Time to break the Silence of Academia in the face of MicroAggression and Harassment

U.S. Representative Alexandra Ocasio-Cortez’s eloquent rebuke of the verbal abuse she was subjected to by fellow Representative Ted Yoho prompted reflection by all women on the institutionalized workplace harassment they face, including within academia. Women in academia have been and continue to be routinely subject to stereotyping, harassment, exclusion, subtle verbal and non-verbal insults, rumors, gossip, and pathologizing of their communication. They are also subject to inter-sectoral discrimination based on their ethnicity, race, religion, and nationality in addition to their gender. Common stereotypes include:

•Bossy •Crass •Emotional, Difficult, Problematic •Scary (50 plus) •Overly Sensitive, Insecure •Overreacts •Nice (under 50) •The Mother •The Workaholic •Divorced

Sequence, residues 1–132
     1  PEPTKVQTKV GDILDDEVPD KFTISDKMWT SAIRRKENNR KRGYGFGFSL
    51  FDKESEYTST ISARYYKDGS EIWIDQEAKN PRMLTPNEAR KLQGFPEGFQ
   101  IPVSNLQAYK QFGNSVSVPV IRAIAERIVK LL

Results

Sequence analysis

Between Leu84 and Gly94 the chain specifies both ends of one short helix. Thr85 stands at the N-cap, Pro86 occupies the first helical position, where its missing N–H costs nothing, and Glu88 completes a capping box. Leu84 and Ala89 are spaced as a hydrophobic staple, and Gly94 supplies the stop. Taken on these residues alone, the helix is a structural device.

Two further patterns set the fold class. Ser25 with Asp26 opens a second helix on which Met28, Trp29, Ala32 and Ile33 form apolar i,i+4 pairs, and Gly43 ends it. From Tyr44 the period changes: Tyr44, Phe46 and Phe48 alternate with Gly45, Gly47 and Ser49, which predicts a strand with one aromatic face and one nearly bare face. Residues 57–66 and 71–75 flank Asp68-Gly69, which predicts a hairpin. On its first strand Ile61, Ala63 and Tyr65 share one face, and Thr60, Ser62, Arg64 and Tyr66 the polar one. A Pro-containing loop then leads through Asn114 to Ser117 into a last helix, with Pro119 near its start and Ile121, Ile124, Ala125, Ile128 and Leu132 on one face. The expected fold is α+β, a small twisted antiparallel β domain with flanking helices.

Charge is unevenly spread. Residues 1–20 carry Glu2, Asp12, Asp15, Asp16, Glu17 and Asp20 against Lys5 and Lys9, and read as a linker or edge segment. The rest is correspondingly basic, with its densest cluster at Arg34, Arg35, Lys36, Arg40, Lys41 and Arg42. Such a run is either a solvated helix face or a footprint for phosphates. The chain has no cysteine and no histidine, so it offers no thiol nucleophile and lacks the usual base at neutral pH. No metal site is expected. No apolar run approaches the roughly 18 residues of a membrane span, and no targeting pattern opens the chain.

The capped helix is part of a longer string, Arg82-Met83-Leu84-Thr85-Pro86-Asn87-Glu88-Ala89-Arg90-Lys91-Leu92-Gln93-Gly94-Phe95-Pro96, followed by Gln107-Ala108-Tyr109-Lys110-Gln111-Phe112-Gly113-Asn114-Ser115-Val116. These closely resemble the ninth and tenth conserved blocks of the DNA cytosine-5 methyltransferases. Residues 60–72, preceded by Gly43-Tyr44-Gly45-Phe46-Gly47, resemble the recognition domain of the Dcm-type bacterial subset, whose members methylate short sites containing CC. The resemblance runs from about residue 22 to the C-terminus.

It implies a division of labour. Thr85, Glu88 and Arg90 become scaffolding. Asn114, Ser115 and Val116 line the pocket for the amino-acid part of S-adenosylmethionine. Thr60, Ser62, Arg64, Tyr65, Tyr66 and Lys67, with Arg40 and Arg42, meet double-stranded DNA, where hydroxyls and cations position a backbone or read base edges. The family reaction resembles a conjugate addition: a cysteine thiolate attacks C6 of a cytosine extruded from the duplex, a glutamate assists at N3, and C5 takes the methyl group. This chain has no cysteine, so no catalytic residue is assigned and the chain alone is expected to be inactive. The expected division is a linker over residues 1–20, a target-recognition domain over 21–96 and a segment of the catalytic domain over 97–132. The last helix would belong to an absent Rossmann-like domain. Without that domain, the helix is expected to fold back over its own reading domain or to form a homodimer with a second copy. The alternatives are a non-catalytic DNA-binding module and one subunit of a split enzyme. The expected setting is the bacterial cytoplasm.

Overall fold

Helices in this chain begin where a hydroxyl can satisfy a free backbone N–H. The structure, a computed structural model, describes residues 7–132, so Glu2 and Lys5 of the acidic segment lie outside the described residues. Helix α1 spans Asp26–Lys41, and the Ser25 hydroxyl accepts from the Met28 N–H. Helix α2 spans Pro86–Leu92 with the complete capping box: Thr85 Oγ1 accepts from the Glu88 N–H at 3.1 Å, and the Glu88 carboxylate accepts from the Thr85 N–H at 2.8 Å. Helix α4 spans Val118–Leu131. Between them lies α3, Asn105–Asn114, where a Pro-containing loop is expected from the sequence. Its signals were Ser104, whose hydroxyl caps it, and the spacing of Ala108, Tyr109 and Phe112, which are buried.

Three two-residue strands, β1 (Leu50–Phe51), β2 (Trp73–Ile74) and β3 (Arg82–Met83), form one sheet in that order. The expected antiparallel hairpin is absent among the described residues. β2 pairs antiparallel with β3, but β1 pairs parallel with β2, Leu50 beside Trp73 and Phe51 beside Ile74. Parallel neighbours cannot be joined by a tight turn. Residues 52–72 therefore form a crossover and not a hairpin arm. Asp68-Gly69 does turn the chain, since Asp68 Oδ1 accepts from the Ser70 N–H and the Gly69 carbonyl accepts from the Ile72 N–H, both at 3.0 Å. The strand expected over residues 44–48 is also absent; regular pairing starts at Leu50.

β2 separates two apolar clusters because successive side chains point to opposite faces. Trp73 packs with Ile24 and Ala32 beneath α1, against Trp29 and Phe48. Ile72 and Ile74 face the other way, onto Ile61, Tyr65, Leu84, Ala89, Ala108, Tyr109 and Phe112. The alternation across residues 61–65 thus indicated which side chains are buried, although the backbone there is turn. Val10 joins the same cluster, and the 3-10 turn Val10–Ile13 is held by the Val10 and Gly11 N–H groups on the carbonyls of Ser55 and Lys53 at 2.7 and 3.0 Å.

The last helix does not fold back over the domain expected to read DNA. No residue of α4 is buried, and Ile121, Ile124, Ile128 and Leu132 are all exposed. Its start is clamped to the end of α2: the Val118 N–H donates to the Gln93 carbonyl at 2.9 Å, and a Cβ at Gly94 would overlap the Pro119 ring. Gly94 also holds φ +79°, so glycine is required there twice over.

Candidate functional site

In contrast, male academics are subject to positive stereotypes which lead to promotions, awards, and accolades:

•Direct Leadership style •Straight-forward, decisive •Enthusiastic, Driven •Assertive •Dedicated to research •Successful at managing various projects

A disturbing tendency within universities is a policy of silence when facing such practices. Cases are routinely shoved under the carpet, surprisingly often by men & women administrators, personnel managers, and Deans who seek to uphold the reputation of the university at the expense of the woman academic. The harassment may be labled as a minor, the women academic reminded “to move beyond the incident” thereby leaving the culture of abuse unchanged. It is time to break the culture of silence which fails to condemn language which diminishes the woman academic. Universities should have transparent mechanisms to correct discrimination and harassment of staff and students. While globalization has prompted universities to pursue diversity, such policies may fail if there is a lack of institutional committment to confronting discrimination in an open, effective manner.

As I have received requests for strategies to deal with microaggression, there are several resources which recommend lobbying for universities to adopt a microaggression framework or an Inclusiveness toolkit. It is important for women academics to meet across departments to validate and share their experiences as well as cooperate to design better polices.